We will not try to limit the role of faith in the work of our partners,
or diminish their religions character. So many faith-based organizations
are successful because of their faith, not in spite of it. If you
tell us that you want to serve meals to the homeless and begin each
meal with a prayer, our response will be "Amen."
The best way for Washington to promote new acts of charity in our
communities is to empower you to be a greater force for good. As
we work to achieve this in the months ahead, I invite you and your
churches to join us at HUD in responding to the housing needs in
your neighborhoods. We have put out the welcome mat, and we want
you to come in.
Christian charity is not some abstract notion to me; over and over
in my life, I have been uplifted by the prayers and service of others.
I was just a boy of 15 when I arrived in this country, alone and
unable to speak the language. Volunteers animated by their faith
welcomed me here and cared for me. Later, I went to live with two
foster families who opened their homes - but more importantly, their
hearts - to me.
Looking back at that frightened and lonely boy, I am reminded of
Lincoln's words about being driven to his knees in prayer because
he had nowhere else to go. That is exactly the way I felt; I was
led to prayer because I had nowhere else to go. During that time,
my prayer life led me to learning in a new way about my faith in
Jesus Christ. And that was vital in getting me through what was
the most difficult period of my life.
As I go through life, I still find that returning to prayer and
relying on my faith is the way in which I get through those difficult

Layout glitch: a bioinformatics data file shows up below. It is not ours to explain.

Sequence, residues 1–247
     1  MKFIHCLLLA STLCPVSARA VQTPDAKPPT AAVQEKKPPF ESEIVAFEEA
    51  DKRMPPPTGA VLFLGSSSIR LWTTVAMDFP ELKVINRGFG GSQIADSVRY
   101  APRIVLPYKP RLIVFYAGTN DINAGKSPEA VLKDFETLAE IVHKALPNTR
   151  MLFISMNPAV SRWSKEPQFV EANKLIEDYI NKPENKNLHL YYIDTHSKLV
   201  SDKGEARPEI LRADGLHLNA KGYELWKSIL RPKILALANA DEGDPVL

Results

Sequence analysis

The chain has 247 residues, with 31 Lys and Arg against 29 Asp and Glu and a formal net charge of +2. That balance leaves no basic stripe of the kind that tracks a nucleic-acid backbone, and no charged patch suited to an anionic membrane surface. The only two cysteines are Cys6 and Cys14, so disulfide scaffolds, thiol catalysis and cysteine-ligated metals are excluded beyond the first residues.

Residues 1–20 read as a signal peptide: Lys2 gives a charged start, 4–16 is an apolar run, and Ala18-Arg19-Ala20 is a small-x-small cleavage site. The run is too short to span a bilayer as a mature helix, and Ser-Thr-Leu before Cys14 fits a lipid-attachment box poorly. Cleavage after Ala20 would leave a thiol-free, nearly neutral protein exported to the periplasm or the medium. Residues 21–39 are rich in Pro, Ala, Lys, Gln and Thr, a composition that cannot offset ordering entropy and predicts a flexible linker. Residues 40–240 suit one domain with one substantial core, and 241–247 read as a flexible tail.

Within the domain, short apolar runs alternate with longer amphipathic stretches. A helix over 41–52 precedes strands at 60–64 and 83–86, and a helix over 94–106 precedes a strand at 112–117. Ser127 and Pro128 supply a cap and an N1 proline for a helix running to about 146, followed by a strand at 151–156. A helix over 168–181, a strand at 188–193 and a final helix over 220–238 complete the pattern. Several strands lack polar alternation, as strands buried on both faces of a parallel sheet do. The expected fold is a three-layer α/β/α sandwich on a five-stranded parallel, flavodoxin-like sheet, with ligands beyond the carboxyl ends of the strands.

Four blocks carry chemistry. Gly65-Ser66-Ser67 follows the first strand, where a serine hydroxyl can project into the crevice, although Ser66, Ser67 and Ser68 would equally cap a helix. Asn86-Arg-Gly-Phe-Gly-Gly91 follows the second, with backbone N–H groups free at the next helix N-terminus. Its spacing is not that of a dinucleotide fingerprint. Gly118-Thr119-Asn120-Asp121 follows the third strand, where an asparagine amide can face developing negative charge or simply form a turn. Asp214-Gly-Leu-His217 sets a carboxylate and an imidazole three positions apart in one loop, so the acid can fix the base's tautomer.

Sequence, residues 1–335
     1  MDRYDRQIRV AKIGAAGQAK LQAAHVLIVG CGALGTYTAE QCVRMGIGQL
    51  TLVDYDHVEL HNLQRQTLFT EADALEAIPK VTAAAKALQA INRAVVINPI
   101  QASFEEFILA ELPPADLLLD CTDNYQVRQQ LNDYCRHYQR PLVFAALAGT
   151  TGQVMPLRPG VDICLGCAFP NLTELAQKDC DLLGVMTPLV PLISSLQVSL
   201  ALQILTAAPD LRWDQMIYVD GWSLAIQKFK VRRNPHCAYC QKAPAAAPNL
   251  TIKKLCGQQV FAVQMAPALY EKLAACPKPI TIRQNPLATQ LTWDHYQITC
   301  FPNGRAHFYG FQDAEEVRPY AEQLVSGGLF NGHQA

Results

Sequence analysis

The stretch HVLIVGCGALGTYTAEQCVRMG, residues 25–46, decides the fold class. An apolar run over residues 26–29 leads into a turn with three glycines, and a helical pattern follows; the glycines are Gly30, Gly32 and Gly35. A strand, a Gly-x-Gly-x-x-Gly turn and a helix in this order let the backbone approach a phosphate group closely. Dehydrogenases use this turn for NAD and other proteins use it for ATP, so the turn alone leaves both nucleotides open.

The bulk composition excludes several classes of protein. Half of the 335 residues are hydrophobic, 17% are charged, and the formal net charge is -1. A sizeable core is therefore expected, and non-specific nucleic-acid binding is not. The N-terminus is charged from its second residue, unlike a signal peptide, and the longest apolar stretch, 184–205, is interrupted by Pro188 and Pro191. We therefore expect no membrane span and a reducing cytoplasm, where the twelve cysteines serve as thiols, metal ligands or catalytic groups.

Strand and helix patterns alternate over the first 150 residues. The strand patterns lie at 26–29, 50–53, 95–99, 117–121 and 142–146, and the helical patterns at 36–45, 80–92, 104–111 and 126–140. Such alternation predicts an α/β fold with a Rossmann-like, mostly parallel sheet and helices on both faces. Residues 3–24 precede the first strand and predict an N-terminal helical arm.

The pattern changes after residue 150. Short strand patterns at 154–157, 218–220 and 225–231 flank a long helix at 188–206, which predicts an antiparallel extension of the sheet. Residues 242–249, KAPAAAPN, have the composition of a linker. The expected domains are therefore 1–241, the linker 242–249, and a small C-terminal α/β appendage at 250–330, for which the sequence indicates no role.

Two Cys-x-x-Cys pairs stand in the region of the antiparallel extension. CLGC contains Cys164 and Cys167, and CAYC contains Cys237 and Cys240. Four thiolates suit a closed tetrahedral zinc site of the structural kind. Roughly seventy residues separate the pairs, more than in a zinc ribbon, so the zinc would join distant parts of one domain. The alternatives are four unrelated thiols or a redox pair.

moments when it seems that everything is going wrong.
Time spent in government service is not a time for shelving the
faith that has led us through life. I believe that is the time when
- all the more - we must be a witness to our faith, so that others
might find support and encouragement through it. And we do that
best by the example we set, and the way in which we lead our lives.
So many of us who serve in government are people who love their
faith, their family, and their country. My hope is that when I leave
government, I leave loving all three equally - although Washington
can make this a challenge.
The President and the entire Cabinet are humbled and grateful for
your prayers. We are supported and strengthened by them. We join
you in praying for every American, and in giving thanks for the
opportunities and freedoms that bring us - and keep us - together.
We pray for our allies in the war against terrorism. We pray for
the men and women of the Armed Forces, who treasure our freedom
so much that they are willing to sacrifice their own lives to preserve
it for others.
Whether it is offered during times of grief or celebration, whether
it seeks guidance or is submitted out of gratitude, prayer will
always have a place in American society. I urge you to remember
the words of St. Paul: "Do not be anxious about anything, but
in everything, by prayer and petition, with thanksgiving, present
your requests to God."
Or as Benjamin Franklin put it even more simply, "Work as
if you were to live a hundred years. Pray as if you were to die
Que Dios los bendiga en compañía de sus familias
y que Dios siga bendiciendo también a este gran país:
a los Estados Unidos de Norteamérica.
Content Archived: March 16, 2010